Unit Information: Central Flying School

Unit Abreviation
Unit Name
Central Flying School
Total Deaths
"Facta Nostra Vivent" (Our Deeds Shall Live)

The Central Flying School (CFS) was established at Zwartkop Air Station in 1932 to train both pupil pilots and instructors using DH-9s, Avian IVMs and Wapiti IIIs. With the outbreak of the Second World War and the consequent need for more instructors, the CFS was changed to a school for instructors only in November 1939 and moved to Kimberley. In May 1940 the School moved to Tempe Airfield, Bloemfontein, where it was renamed 62 Air School on 11 November 1940, although it was still referred to as 'CFS'. On 24 February 1945, 62 Air School was disbanded.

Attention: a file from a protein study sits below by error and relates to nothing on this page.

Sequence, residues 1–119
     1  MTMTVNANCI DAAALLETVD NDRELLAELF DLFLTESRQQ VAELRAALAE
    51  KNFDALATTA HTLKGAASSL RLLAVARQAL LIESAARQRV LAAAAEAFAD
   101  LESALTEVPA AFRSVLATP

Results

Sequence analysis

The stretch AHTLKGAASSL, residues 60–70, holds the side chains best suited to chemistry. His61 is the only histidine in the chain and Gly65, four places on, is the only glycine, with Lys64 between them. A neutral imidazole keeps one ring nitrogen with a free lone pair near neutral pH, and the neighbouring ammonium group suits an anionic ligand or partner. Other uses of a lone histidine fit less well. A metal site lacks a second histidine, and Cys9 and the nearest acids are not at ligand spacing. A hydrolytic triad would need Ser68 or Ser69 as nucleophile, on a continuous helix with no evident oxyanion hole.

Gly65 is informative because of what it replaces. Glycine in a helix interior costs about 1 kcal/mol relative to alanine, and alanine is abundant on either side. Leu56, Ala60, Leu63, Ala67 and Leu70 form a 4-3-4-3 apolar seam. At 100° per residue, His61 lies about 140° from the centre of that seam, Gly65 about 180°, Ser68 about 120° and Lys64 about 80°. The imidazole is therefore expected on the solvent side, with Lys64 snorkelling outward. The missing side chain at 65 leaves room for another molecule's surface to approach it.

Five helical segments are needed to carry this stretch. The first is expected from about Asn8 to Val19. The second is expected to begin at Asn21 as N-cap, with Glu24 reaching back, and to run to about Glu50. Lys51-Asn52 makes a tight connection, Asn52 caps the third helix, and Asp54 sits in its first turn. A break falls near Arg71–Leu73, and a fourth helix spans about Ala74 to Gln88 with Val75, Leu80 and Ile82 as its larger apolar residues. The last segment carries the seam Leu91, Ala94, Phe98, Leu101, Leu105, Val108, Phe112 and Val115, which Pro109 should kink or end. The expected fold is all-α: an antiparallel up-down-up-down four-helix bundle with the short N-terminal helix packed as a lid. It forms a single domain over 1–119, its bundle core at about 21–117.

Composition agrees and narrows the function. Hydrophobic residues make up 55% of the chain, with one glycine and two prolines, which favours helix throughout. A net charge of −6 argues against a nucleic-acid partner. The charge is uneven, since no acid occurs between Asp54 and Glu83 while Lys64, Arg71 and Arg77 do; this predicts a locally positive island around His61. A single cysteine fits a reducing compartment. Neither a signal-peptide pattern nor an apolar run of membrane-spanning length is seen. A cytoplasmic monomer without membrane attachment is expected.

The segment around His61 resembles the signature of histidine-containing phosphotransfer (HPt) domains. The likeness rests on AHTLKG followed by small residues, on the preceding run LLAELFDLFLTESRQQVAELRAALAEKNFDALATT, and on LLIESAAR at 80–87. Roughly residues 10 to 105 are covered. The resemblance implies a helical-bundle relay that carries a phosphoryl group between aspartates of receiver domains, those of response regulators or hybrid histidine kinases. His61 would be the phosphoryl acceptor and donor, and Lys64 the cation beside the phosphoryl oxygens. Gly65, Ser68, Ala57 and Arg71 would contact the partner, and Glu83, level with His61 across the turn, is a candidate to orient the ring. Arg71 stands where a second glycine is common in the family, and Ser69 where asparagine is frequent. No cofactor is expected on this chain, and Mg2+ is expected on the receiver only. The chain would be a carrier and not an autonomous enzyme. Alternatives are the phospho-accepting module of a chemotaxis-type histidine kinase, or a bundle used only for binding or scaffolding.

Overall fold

Reformed in 1946 at the wartime training centre at AFS Nigel (renamed Dunnottar in 1949) with Harvards, Oxfords and Tiger Moths, the Central Flying School once again trained both pupil pilots and instructors. In February 1968 the School changed its name to Flying Training School Dunnottar, but reverted back to its CFS title in January 1977.

The CFS moved to Langebaanweg in December 1991, still equipped with Harvards. After 53 years of training SAAF pilots, the venerable Harvard was finally replaced by the PC-7 Mk II Astra in November 1995.

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